Friday, March 23, 2007
Interesing Real Age Tips
Great sex -- if it is within a mutually monogamous relationship -- may be one of the ultimate mood boosters. In fact, semen contains powerful -- and potentially addictive -- mood-altering chemicals, including testosterone, estrogen, prolactin, luteinizing hormone, and prostaglandins. So although sex won't cure depression, it may boost mood if some of these chemicals are absorbed through the walls of the vagina.
Sex is only a mood booster if it's safe, mutually monogamous sex. Although women who do not use condoms during sex are less depressed, according to research, that doesn't mean they should practice unsafe sex. Studies have found no correlation between high-risk sexual behavior and lower rates of depression.
And good sex isn't the only recipe for happy days and contented nights. Feel free to explore other options, like volunteering, exercising regularly, spending time with good friends, laughing with loved ones, writing in a journal, and otherwise engaging in activities that you find fulfilling. Taking good care of your health can also make you happy. After all, nothing can put a smile on your face like a good report from your doctor.
Invest In a Tape Measure
Love handles hurt, even if the rest of you is perfectly healthy. Why? As your weight creeps up, so does your blood pressure (BP). That's no surprise. But now it turns out that waist size matters, too. Love handles will nudge BP higher, even if you're young (under 44), have a healthy overall weight, and currently have a blood pressure reading under 130/85 mm Hg. There's never been a better reason to watch your waist instead of your scale.
Excess weight sets you up for a host of health woes. But more and more, waist size is linked to poor health, too. Whatever you call it -- muffin top, spare tire, love handles, or beer gut -- that extra padding pushes BP higher, even in young, normal-weight people who do not have high blood pressure. The reason? When belly fat presses on your kidneys, the bean-shaped organs feel smothered and they panic. In response, they flood your bloodstream with hormones that raise your BP. Think of abdominal obesity as your early warning system for high BP. A thick middle and pants that feel too tight signal that this health risk may not be too far behind. Here's the trouble zone for unhealthy waist sizes:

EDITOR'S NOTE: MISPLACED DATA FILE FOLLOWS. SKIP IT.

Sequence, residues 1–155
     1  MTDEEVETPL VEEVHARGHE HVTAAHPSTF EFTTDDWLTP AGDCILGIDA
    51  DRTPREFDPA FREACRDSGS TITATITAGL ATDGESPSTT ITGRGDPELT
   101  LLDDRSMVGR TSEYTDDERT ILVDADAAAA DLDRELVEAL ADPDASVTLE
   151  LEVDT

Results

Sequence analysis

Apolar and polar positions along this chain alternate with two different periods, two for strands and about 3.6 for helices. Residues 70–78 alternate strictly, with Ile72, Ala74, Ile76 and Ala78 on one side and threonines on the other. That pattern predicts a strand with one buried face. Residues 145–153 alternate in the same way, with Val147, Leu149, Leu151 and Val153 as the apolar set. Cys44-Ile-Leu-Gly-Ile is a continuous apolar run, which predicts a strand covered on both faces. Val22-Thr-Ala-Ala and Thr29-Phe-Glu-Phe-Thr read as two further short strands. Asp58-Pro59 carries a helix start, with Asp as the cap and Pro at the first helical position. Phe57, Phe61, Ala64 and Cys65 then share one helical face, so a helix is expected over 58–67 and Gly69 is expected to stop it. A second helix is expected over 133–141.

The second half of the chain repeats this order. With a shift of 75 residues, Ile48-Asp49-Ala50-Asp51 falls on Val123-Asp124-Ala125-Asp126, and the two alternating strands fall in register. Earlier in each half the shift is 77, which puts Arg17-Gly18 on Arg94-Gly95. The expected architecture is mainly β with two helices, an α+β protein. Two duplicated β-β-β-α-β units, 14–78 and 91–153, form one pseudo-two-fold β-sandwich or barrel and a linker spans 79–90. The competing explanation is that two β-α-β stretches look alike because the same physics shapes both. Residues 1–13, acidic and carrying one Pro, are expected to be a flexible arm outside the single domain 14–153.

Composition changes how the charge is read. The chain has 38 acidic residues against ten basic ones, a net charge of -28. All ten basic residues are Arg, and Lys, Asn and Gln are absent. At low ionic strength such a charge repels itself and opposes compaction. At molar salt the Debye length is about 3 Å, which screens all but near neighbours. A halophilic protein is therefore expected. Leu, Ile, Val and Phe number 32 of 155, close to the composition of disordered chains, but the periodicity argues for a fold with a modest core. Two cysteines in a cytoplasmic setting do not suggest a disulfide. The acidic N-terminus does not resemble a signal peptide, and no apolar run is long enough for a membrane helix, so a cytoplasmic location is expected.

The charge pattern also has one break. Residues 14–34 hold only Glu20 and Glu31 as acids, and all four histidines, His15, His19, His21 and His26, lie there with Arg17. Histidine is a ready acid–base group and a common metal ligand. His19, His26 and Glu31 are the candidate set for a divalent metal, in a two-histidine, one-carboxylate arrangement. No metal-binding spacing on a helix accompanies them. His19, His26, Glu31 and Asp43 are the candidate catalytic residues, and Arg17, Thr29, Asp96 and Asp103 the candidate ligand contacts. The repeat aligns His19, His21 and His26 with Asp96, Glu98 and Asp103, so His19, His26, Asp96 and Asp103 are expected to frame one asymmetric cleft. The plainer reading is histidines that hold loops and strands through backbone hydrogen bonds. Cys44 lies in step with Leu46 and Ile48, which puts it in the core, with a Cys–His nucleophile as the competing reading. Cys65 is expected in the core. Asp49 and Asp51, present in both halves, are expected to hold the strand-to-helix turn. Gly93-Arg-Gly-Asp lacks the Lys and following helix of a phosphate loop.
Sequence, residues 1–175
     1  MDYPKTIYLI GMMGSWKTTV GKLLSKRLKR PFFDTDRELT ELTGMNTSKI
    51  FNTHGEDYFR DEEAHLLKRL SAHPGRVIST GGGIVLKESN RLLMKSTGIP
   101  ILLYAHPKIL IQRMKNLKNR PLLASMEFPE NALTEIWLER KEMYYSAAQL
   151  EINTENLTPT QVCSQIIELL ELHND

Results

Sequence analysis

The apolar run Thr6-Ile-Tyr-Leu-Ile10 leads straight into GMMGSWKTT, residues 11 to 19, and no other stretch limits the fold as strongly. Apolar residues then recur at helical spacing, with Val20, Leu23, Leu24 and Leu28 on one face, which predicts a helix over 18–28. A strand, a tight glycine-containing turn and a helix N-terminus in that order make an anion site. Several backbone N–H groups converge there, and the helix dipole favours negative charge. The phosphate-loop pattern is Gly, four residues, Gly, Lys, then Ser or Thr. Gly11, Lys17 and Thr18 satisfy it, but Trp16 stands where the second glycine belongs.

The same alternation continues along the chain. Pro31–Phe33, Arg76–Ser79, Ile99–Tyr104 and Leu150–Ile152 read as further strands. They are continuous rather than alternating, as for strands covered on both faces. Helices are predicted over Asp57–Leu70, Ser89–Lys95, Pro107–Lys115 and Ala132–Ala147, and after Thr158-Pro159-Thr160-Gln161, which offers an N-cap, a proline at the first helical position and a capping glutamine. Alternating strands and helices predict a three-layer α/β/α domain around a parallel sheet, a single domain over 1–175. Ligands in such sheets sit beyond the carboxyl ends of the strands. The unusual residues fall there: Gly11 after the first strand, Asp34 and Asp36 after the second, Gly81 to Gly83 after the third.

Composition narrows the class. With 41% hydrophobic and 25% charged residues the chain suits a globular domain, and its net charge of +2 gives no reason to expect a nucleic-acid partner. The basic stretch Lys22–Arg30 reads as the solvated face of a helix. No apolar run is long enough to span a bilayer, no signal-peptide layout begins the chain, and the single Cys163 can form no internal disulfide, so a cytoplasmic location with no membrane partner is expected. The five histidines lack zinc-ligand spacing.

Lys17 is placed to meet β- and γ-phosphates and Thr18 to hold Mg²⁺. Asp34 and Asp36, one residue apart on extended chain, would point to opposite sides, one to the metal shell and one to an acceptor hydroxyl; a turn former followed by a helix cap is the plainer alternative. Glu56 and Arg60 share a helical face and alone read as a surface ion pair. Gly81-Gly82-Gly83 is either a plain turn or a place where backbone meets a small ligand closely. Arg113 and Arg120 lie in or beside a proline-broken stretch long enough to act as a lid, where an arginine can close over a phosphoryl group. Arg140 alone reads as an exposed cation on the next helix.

Optimal waist size: under 33 inches
Danger zone: 37 inches or more
Optimal waist size: 35 inches or less
Danger zone: 40 inches or more
Time for a Tea Party
It's time to resurrect the age-old tradition of afternoon tea parties. But in modern times, it is as much a health act as it is a social act -- especially for women. Each daily cup of green or black tea helps beat down ovarian cancer risk. Two or more cups per day helped cut risk almost in half in a recent study. The likely good guys in this scenario are the tea polyphenols, which are potent cancer fighters in both men and women.
Tea has anticancer powers -- at least in test tubes and animals. But just because something works in the lab doesn't mean it will work in humans, so researchers recently tested tea's powers in a group of women. Those who drank green and black tea had lower rates of ovarian cancer compared to those who rarely or never did. And the more they drank, the further their disease risk plummeted. What's the tea-anticancer connection? Right now, no one knows for sure, but researchers have some theories. Tea's polyphenols (powerful antioxidants) may prevent cancer-cell growth, hinder blood supply to the tumor, or encourage cancer cells to commit suicide. More studies are needed to confirm the results of the ovarian cancer study. In the meantime, tea still boasts many other powerful health benefits -- for men and women.